• Well, I may have been conflating a couple of things. Memory plays funny games with itself. I also cannot now find any reference to what her master’s thesis was about. However, as head of the NTP, she and one of her cronies wrote a position paper saying the same thing. I may have confused the two. GFB


    • Yes, that is the report I was referring to. Notice that the report only refers to the intricacies of allowing existing teachers to transfer from one school or position to another, which is one of the things that any union that is worth the name would try to protect. It doesn’t seem to make sense to me that if a school’s enrollment decreases or the number of classes in one topic decreases, that a teacher who has been doing a good job should be fired with essentially no notice. (Rhee, by her words and actions, clearly disagrees!)
      From my own perspective as a (former) teacher, I think that the time line and process for those transfers could fairly easily be rectified to benefit just about everybody> This way, local administrators would know how many of his/her teachers were applying to go to another school, how many veteran teachers were applying to transfer into his/her school, and would also know how many new teachers would need to be hired for what positions. Central administration would know where to send their new applying teachers. Veteran teachers would know where the openings were, and what their options were. (I’m a bit undecided on “bumping” if there is a major reduction in force. But I know that almost every school system has lots of teachers retiring or otherwise leaving, every single year.) To emphasize my point: this is something that veteran teachers, new job-seeking teachers, local school administrators, and central administration could fairly easily come to agreement on, to the better satisfaction of everybody; student learning would consequently benefit.

      In the past, administrators who wanted to get rid of a particular teacher, for whatever reason (and believe me, a lot of those reasons are personal or involve inter-office or union politics, rather than competency), they would simply find a reason to “excess” the teacher, so that he/she would have to go to another school. I’ve seen it happen repeatedly, at many schools. (Yes, in some cases, the teacher was in fact incompetent; in other cases, it was the principal!)

      So, rather than saying that this is a problem that needs to be worked on, together, by union and management, Rhee’s response is that we need to do away with pretty much all of the protections and due process that having a union entails. The way that Rhee has repeatedly put it, you would think that having a union AT ALL was the major impediment to education of urban youth, because, according to her, SHE (and a very small handful of her acolytes) ALWAYS KNOWS BEST, and everybody else, especially other teachers, and particularly active union members, are always wrong.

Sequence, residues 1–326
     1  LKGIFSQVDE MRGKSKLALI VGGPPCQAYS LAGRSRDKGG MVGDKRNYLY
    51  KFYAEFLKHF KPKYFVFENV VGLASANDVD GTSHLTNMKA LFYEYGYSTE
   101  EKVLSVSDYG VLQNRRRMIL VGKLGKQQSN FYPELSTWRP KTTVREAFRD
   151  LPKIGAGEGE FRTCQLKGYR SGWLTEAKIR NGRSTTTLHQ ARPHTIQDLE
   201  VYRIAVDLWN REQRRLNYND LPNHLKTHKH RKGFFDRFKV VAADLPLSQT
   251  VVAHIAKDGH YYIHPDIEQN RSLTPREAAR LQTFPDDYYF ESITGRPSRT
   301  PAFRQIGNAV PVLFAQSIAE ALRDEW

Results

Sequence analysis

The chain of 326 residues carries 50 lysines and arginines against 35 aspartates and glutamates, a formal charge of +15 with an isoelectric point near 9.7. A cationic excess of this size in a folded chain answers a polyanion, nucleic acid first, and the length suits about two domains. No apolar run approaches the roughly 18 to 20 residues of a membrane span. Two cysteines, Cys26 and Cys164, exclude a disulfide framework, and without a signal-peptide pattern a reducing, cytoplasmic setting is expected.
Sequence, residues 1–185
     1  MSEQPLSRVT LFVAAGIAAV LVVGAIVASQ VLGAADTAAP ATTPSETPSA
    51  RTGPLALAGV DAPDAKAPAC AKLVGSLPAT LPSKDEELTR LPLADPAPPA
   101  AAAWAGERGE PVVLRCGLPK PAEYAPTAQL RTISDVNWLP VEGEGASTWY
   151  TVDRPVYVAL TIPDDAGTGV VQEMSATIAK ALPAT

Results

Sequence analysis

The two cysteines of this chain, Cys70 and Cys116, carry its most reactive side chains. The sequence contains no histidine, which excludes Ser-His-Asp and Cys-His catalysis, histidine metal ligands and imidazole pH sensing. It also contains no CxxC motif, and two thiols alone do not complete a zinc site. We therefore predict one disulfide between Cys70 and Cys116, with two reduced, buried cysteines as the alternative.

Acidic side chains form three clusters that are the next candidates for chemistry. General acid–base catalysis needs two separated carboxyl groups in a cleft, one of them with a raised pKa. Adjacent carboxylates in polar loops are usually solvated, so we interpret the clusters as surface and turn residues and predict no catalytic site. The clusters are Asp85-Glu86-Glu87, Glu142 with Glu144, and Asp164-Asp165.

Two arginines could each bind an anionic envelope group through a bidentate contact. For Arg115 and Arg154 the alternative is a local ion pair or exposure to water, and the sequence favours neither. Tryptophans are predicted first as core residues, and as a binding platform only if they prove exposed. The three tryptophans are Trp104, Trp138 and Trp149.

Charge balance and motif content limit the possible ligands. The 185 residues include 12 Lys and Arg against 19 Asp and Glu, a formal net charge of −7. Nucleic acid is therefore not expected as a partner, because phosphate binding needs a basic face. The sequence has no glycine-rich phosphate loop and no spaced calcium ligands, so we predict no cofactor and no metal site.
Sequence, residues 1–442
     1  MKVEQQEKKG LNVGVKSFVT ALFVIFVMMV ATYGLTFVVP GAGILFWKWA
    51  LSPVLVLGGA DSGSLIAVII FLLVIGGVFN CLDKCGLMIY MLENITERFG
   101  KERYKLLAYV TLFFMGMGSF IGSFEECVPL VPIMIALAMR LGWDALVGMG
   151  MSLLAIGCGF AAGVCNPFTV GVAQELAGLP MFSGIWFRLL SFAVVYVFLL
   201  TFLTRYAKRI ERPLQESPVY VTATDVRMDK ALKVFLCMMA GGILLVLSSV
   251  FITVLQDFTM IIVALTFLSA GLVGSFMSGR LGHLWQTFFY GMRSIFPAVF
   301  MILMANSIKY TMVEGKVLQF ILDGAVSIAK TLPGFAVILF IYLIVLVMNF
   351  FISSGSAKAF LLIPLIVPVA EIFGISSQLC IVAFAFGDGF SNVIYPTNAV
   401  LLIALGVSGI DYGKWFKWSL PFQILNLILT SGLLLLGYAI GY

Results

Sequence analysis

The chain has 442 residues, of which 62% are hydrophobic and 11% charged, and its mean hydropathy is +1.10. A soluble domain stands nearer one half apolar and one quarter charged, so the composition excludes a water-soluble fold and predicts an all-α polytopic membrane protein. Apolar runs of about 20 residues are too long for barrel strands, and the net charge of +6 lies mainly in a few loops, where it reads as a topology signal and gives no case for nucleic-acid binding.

2. Hey, it’s Nate from First, thank you very much for the link to my blog. My blog is satirical. What that means is you’ll find a lot of articles on there praising Duncan in a very backhanded way:

    In reality, I’m a Chicago Public School teacher. I’ve been through Duncan and I’m very opinionated about things. In fact, I’m so opinionated that I had to start a second blog to write about education without satire. I’m am a member of CORE, a group that is trying to fight the privatization efforts going on in Chicago and nationwide. You can find my education blog here:

    I’m always looking for high quality education blogs, so you can be sure I’ll be back here soon.


  3. Do you have a link to the NTP paper? That would be a good reference to post.


  4. Dear efavorite and Guy,
    maybe this is the report:


    • Thanks, Ed – that’s an article written about the report, which is titled “Unintended Consequences: The Case for Reforming the Staffing Rules in Urban Teachers’ Union Contracts.” If you go here:

      It gives a summary of the report and links to the full pdf version (which I have not yet read).

      Note that while Rhee co-wrote the Edweek article about the report, she is not listed as an author of the full report.


  5. and this:
    Unintended Consequences: The Case for Reforming the Staffing Rules of Urban Teachers Union Contracts focuses on the impact of “voluntary transfer” and “excessed teacher” staffing rules found in the collective bargaining agreements of urban school districts.
    Report Summary
    “Voluntary transfers” are incumbent teachers with seniority rights who want to move between schools, while “excessed teachers” are those whose positions are cut from their school, often due to enrollment or budget changes.

    Through a study of five major urban districts, the report demonstrates how “voluntary transfer” and “excessed” teacher rules result in systems that hire too late to secure the most talented teacher applicants, bump valuable teachers, and require schools to hire poorly matched or-worse-poorly performing teachers.
    Education leader Kevin Johnson issued a statement of support:


  6. Here’s something you might want to know about Arne Duncan:

    and its related story:


  7. Generally I do not post on blogs, but I would like to say that this post really forced me to do so, Excellent post!